Evaluation of the effect of microphone cavity geometries on acoustic imaging in wind tunnels

Research output: Contribution to journalArticleScientificpeer-review

1 Citation (Scopus)
10 Downloads (Pure)

Abstract

Aeroacoustic measurements performed by flush-mounted microphone arrays on the walls of closed-section wind tunnels are contaminated by the hydrodynamic pressure fluctuations of the wall's boundary layer. This study evaluates three different microphone cavity geometries for mitigating this issue. Their improvement to the signal-to-noise ratio (SNR) and the accuracy of their acoustic imaging results are compared to a flush-mounted microphone array. The four geometries include: (1) an array of flush-mounted microphones as the baseline, (2) a cylindrical hard-plastic cavity with a countersink, (3) a conical cavity made of melamine acoustic absorbing foam, and (4) a conical cavity with star-shaped protrusions, also made of melamine. The three arrays with cavities were covered with a steel-wire cloth to reduce the boundary layer fluctuations at the microphone while the baseline array was uncovered. Two sound sources were tested in an aeroacoustic wind tunnel for assessing the performance of the different cavities: a speaker placed outside the flow and a distributed sound source generated by a flat plate inside of the flow. When using conventional frequency domain beamforming, both cavities made of melamine offer up to a 30 dB increase in SNR with respect to the flush-mounted case, followed by the hard-walled cavity with up to a 20 dB increase. This is a 20 dB improvement when compared to the single microphone cases. The melamine cavities also provide cleaner acoustic source maps and accurate spectral estimations for a wider frequency range. The effect of cavity placement and geometry on the coherence, which affects the beamforming analysis of the acoustic signal was negligible for all cases. Distributed sound source measurements using the three arrays agreed with predictions using the Brooks, Pope, and Marcolini (BPM) model, showing that the cavities could detect vortex shedding that was undetectable by the flush array.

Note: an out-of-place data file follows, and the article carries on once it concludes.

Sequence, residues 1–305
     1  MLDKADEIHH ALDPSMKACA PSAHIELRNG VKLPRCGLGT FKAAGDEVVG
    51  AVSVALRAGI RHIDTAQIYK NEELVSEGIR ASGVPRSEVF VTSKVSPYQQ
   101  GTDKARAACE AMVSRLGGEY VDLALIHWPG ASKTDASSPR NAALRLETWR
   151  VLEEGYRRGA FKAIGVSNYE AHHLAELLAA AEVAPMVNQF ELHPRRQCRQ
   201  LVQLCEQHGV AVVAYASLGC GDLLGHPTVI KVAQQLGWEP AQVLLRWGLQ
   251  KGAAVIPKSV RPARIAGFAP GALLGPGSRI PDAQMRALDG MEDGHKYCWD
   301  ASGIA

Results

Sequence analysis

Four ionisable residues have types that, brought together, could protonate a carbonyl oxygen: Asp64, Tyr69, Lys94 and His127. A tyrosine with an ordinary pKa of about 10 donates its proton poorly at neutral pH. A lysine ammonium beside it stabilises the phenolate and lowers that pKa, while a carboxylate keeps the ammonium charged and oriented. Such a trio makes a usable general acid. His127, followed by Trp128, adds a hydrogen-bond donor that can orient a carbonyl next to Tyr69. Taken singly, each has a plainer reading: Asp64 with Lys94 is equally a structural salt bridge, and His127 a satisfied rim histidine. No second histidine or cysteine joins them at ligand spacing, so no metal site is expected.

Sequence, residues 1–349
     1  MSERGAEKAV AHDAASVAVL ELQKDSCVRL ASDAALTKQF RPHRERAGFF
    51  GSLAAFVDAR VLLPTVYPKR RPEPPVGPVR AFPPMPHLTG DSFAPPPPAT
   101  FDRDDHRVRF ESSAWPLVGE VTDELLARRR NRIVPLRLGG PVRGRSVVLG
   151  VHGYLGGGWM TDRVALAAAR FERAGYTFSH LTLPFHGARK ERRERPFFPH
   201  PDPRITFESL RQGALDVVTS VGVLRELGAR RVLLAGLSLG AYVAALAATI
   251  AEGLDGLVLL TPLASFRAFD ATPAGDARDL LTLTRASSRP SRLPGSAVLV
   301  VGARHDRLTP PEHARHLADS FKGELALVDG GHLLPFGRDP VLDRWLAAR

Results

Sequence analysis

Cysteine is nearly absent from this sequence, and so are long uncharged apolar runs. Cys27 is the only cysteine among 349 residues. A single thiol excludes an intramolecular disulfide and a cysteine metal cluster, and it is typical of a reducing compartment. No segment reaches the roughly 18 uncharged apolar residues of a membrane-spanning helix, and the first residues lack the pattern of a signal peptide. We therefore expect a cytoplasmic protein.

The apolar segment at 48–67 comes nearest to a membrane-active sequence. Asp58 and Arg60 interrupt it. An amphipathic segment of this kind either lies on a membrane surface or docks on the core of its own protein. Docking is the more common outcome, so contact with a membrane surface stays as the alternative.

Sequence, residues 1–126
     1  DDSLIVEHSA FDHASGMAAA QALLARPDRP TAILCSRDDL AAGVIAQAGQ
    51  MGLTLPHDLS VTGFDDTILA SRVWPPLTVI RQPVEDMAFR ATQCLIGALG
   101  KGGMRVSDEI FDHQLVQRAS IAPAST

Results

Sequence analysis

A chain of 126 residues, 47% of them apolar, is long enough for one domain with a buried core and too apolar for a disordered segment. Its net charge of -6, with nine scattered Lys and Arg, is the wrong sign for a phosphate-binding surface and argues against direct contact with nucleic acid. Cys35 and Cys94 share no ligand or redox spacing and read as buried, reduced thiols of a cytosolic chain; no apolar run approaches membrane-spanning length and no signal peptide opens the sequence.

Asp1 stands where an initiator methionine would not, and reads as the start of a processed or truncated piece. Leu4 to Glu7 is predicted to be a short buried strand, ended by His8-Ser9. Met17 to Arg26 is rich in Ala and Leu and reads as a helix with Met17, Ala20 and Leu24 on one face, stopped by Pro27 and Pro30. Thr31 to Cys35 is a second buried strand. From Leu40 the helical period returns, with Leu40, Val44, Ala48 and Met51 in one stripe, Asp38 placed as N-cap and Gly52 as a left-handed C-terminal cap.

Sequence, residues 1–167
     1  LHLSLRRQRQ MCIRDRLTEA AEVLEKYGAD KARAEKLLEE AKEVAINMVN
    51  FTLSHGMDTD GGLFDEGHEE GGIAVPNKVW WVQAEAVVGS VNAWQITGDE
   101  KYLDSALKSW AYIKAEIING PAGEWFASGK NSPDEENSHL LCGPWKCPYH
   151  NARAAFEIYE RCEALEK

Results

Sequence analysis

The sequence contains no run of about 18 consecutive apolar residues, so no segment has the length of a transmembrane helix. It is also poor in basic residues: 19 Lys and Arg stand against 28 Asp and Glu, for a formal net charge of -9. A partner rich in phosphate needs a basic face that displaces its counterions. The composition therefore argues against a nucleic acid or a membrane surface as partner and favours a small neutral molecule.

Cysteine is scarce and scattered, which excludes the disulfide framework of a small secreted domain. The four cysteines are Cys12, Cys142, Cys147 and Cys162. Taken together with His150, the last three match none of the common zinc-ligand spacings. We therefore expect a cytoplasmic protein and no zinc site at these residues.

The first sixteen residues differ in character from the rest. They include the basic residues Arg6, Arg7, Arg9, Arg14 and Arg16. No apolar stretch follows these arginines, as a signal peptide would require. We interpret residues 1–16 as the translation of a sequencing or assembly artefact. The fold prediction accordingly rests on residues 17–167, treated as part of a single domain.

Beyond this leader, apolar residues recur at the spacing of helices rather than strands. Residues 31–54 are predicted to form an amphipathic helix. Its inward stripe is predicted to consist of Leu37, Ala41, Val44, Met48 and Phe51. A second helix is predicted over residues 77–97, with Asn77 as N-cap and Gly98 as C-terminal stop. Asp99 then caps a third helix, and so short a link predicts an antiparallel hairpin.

Original languageEnglish
Article number108154
Number of pages15
JournalApplied Acoustics
Volume181
DOIs
Publication statusPublished - 2021

Keywords

  • Aeroacoustics
  • Beamforming
  • Boundary layer noise
  • Cavity
  • Microphone arrays
  • Wind-tunnel measurements

Fingerprint

Dive into the research topics of 'Evaluation of the effect of microphone cavity geometries on acoustic imaging in wind tunnels'. Together they form a unique fingerprint.

Cite this